Vienna has never forgotten it was the capital of a large and influential empire. Its residents act as if it still were - the small doses of courtliness, the extremely polite forms of address long-forgotten in other Germanspeaking countries, the formal mode of dress. Vienna is a city both modern and extremely old-fashioned all at once. Like Munich, its residents are formal, but Viennese formality is an entirely different animal. Waiters address you with honorifics, a man who bumps into you on the street is half-likely to implore your pardon with a small bow, you are treated as if you were a longlost prince or princess returning home. If you can handle this kind of luxurious treatment, Vienna is for you.

The Viennese have a particular fascination with death, hence the popularity of the Zentralfriedhof (Central Cemetery) as a strolling location and of “Schrammelmusik” - highly sentimental music often performed in wine taverns with lyrics relating to death. Old-fashioned Sterbevereine (funeral insurance societies) provide members with the opportunity to save up for a decent sendoff over the course of their lives. This isn’t just to save theirchildren the bother and expense - it’s considered absolutely essential to provide for a decent funeral. Vienna even has a museum devoted to coffins and mortuary science (the Bestattungsmuseum)! The country’s odd obsession may be connected with the high suicide rate compared with the rest of Europe.

You’d have to visit the city yourself to decide if these stereotypes still apply for today’s Vienna. The traditional Vienna is just one of the many faces of this city. Vienna is also a dynamic young city famous for its (electronic) music scene with indie-labels, somewhat occult record stores and a lot of trendy clubs to go. And a bureaucratic nightmare with government that seems obsessed with complicated forms and documents if you live there. On the other hand, you will find people willing to go out of their way or bend the line a little bit if they feel they can do you a favour.

Not to forget about the coffee! Vienna is famous for its coffee-culture. Although Starbucks do and Italianstyle espresso bars did try taking over, there are still enough Kaffeehäuser left, the traditional place to drink your coffee, to read the newspaper, to meet friends or to fall in love. “Let’s have a coffee,” is a common phrase. If you want a date, to meet your best friend or somebody you haven’t seen for years - more often than not you’d say “Let’s have a coffee.”

The City has a very convenient layout for the traveller: The ‘old town’, or city center is the first district, encircled by the ‘Ring’ road, which is also the location of many famous old buildings. Districts 2-9 gatherwithin the ‘Gürtel’ (=’belt’) Road; there, you can find the Prater (amusement) park, the hip quartiers of the second district (close to Schwedenplatz), the shopping street of Mariahilferstraße, Hundertwasser House, the Hundertwasser Kunsthaus, and so on.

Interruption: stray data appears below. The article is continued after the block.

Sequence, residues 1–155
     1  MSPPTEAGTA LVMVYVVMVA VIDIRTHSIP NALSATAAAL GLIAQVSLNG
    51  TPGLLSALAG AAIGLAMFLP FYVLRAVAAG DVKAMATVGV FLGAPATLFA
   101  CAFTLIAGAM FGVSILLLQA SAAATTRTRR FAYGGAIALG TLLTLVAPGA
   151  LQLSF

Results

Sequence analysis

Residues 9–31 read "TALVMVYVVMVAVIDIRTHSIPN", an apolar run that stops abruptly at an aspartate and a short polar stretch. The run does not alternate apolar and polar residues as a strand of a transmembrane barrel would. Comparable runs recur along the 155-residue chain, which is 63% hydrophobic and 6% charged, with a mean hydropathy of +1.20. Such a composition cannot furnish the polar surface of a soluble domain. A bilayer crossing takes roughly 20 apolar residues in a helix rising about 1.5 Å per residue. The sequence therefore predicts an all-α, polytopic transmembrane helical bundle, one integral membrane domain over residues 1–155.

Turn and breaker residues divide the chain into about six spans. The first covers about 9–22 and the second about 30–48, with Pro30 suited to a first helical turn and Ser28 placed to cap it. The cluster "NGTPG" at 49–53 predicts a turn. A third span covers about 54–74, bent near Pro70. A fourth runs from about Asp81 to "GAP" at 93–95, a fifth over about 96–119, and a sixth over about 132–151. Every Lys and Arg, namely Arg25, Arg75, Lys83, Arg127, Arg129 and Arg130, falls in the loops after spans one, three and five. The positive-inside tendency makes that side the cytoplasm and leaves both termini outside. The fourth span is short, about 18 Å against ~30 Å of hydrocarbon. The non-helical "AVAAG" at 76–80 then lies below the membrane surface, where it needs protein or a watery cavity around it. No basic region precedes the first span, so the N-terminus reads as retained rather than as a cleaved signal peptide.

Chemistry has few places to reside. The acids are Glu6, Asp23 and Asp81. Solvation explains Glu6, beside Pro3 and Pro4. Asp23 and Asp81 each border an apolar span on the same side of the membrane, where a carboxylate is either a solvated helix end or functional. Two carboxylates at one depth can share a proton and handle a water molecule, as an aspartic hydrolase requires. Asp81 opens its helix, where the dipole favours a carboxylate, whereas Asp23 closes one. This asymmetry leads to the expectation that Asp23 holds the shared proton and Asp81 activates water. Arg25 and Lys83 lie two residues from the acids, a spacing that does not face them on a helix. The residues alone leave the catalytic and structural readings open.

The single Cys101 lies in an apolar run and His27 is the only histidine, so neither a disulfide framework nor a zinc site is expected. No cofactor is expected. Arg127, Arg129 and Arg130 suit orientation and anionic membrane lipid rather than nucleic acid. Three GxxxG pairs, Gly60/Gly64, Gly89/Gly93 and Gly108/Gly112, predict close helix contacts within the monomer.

Outside the ‘belt’, there’s the the Donauturm Tower, and... Schönbrunn Castle, the most visited tourist attraction and deservedly so.

Weather Overview

Most of Austria has a moderate central European climate though the eastern part of the country is blessed with a Continental Pannonian climate, which sounds impressive but really only means that average temperatures in July are above 19ºC and annual rainfall is less than 80cm (31in). Be prepared for a range of temperatures dependent on altitude, but unless you’re on top of the Grossglockner you can probably count on temps between 20 and 25ºC; (68 and 77ºF) in summer, 1 and 4ºC (34 and 39ºF) in winter, and 8 and 15ºC (46 and 59ºF) in spring and autumn. Be aware that the sun is intense at high altitudes. The winter ski season runs from December to April.

Transport Overview

Most travellers arriving in Austria by air will find themselves touching down in Vienna, though there are five other international airports in the country. If you’re on a tight budget, consider crossing into Austria by bus. But if speed and comfort are your priorities, spend a few more euros on a train ticket or hiring a car. It’s possible to arrive in Austria by boat, but this is an expensive endeavour that’s usually difficult to justify.


Vienna is Austria’s main air transport hub, but there are international airports at Linz, Graz, Salzburg, Innsbruck and Klagenfurt. If you’re visiting Austria from outside Europe, it may be cheaper to fly to a European ‘gateway’ city and travel overland from there. Munich, for example, is only two hours by train from Salzburg. Technically there’s no departure tax when flying out of Austria, instead you cop a ‘passenger service charge’ of around 15


Buses are generally slower and less comfortable than trains, but they are cheaper and they go to all major European countries.


Austria has excellent rail connections to all major European destinations. They are probably the most comfortable and environmentally responsible way to travel overland.


Fast hydrofoils skim along the Danube between Vienna, Bratislava and Budapest during spring and summer but they’re not exactly cheap. Steamers ply the Danube between Vienna and the German border town of Passau from May to late September. Generally speaking, boat services along the Danube are slow and expensive and geared to scenic excursions rather than functional transport.


Getting to Austria by road is simple, and there are fast, well-maintained Autobahnen (motorways) to all surrounding countries. Major border crossing points are open 24 hours a day.

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